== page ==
the menial chores. How carefully they hid
their abuse, treating her as an easy push-over
while they forced her into rags, made her scoop
up their crumbs, and forbade her the ball.

She never reported their abuse, aware
they would have the last word and swear
it was simply acceptable aggression
by siblings, just rough-and-tumble play.
How many Cinderellas are there every day
afraid of retaliation, without a say?


We never know what goes on in tenements
and flats between graffiti-covered walls
where half-sisters and step-sisters rival
each other for favouritism of absent parents.
They steal make-up, jeans, adornments –
wearing jealousy’s green horns – and call
each other names, spit, bite, pinch – primeval
in strength, every kick and hair-pull meant.

How many Cinderellas live in fear
of these Gonerils, Regans, Medusas with hair
that hisses snakes – and never dare
speak up, dreading rows, blackmail,
and punches of prize-fighters who call:
Mirror on the wall, we are the fairest of all.



Tread carefully. Decipher the geography
of the heart which will not be registered
on any map. See there its carving

by axe and shovel and spider’s open routes
that tempt with their silverings
yet lead only to cul-de-sacs. Tread softly

as if on butterflies’ wings lest you disturb
their colours and patterns. Too much to lose
in the purified light between dawn and dusk

when seafarers scoop whole oceans
into their holds, Delphic caves are palaces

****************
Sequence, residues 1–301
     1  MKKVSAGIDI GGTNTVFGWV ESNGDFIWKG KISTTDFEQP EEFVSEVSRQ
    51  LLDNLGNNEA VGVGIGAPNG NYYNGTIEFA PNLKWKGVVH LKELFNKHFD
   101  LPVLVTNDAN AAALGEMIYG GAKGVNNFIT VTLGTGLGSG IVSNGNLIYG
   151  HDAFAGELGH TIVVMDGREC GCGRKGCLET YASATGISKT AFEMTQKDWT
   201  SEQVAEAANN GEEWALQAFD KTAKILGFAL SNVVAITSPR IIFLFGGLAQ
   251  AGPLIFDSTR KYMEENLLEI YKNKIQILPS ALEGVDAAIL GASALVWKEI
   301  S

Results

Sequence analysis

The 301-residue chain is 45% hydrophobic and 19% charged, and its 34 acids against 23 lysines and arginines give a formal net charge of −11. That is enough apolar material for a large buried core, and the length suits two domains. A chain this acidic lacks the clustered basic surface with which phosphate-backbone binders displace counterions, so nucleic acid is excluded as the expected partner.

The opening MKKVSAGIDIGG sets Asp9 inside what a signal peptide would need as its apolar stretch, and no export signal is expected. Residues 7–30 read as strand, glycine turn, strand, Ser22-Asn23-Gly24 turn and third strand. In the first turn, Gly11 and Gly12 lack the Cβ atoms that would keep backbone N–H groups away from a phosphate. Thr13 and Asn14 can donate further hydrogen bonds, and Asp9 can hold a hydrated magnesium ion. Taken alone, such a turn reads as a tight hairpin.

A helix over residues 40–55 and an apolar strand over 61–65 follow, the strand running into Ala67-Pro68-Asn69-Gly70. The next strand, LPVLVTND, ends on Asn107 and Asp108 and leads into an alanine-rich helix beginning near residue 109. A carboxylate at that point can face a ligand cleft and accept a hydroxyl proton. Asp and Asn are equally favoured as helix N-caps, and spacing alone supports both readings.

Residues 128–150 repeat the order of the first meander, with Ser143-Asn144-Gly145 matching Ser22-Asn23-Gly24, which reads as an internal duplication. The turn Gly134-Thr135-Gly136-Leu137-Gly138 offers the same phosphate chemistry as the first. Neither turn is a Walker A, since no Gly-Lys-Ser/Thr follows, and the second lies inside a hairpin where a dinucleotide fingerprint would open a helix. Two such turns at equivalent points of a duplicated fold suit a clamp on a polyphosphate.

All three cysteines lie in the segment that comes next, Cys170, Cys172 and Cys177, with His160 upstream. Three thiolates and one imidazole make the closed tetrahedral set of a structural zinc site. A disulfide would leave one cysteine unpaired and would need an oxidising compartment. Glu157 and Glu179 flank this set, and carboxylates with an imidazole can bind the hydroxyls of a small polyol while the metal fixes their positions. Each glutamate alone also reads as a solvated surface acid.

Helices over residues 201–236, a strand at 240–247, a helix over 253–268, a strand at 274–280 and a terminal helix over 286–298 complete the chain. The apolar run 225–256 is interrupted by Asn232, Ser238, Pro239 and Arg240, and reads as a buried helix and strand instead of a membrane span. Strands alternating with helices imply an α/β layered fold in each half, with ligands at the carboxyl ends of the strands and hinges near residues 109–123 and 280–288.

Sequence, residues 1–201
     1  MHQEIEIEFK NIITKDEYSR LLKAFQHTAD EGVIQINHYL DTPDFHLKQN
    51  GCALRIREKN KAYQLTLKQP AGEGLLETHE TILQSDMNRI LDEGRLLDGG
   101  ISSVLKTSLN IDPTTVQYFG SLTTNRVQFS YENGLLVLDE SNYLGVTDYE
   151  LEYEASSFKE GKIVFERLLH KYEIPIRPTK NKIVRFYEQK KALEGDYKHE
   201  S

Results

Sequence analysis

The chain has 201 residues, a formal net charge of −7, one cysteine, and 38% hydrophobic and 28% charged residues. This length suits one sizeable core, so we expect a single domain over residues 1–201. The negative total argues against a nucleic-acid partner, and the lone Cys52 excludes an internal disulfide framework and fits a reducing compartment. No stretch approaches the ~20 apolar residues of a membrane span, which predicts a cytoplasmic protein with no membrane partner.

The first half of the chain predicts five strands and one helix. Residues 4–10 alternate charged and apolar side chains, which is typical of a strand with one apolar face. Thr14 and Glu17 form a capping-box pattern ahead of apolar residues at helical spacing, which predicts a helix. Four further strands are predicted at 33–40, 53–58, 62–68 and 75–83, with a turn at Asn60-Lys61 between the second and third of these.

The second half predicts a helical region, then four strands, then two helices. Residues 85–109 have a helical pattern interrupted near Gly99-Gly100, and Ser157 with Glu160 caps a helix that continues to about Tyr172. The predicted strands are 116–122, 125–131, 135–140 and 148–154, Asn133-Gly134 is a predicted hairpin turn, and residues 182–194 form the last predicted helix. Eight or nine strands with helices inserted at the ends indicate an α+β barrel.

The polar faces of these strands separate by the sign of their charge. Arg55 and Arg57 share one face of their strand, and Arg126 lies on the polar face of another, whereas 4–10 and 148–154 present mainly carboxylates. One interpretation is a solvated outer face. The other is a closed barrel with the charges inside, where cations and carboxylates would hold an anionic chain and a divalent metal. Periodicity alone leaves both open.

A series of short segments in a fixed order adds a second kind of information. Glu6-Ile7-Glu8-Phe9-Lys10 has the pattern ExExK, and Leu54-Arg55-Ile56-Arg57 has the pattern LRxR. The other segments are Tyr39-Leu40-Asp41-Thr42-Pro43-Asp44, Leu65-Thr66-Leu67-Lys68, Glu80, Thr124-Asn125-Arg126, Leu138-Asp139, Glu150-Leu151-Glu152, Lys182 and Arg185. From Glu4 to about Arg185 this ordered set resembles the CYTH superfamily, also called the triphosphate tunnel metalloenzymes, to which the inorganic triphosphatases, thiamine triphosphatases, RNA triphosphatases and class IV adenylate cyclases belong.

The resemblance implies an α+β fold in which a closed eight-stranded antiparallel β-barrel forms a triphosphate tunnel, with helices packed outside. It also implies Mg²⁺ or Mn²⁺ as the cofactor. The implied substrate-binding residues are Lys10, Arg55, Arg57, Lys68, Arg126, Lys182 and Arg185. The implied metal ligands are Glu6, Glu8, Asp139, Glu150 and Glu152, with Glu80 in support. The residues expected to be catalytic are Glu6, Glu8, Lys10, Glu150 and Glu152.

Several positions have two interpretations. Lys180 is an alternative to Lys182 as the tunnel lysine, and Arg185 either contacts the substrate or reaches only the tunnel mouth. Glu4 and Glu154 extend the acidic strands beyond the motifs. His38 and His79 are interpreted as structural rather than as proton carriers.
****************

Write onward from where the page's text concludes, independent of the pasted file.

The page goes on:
as well as prisons, and tribes relinquish rituals.

Tread carefully and softly in any easing.
Remember Egyptian, Tibetan, Celtic Books
of the Dead give spells to those interred

in an open grave, no epitaph on a stone,
no relative in sight, nor priest to anoint,
the silence doing its best to cover it in.

Then pause for a lover to do up your shoes,
not near enough to be near. While laces tie
and every creature alive bows down

in a brotherhood on the shifting earth,
the heart whispering its surest ways –
see even the wayward sink into tenderness.



Hear solos of barn-owls accompanying
woods which beat with the communal heart
of those lost, summer leaves the bunting

for a new ‘normal’ beyond non-stop knells.
Despite honeysuckle entwined around regrets –
the criss-cross of pollutant jet trails tells

of a sky-spoilt world gone back on itself.
The moon, in a haze, like a blank traffic-light,
neither red, green nor yellow tests the gulf

between then and now, lockdown and release.
Best to rely on the anima mundi which has
no language, but is Love feathered with Peace.

As lost beliefs stutter into creeds, its Grace
will not let those who died alone seem,
amidst Michaelmas daisies, to leave no trace.

All the farewells that could not be said,
are printing themselves over and over
on backs of swallows, word for shadow-word

flanked by ring-ouzels lest falcons snatch them
mid-flight. Mine amongst them, for my father,
spiral into a chorus of Creation psalms.

Patricia McCarthy is the winner of the National Poetry Competition 2012. She was born in Cornwall, and brought up mainly in Ireland. After studying at Trinity College, Dublin, she lived in Washington D.C., Paris, Bangladesh, Nepal and Mexico. She now lives in East Sussex, where she taught for fifteen years at a famous girls’ school. Her work has won prizes and been widely anthologised. Her recent collections include Rodin’s Shadow (Clutag Press/Agenda Editions, 2012), Horses Between Our Legs (Agenda Editions, 2014 – chosen book of the year in The Independent), Letters to Akhmatova (Agenda Editions, 2016). Rockabye (Worple Press, 2018), Trodden Before (High Window Press, 2018). Shot Silks (Waterloo Press) and Hand in Hand (London Magazine Editions) both due in 2021.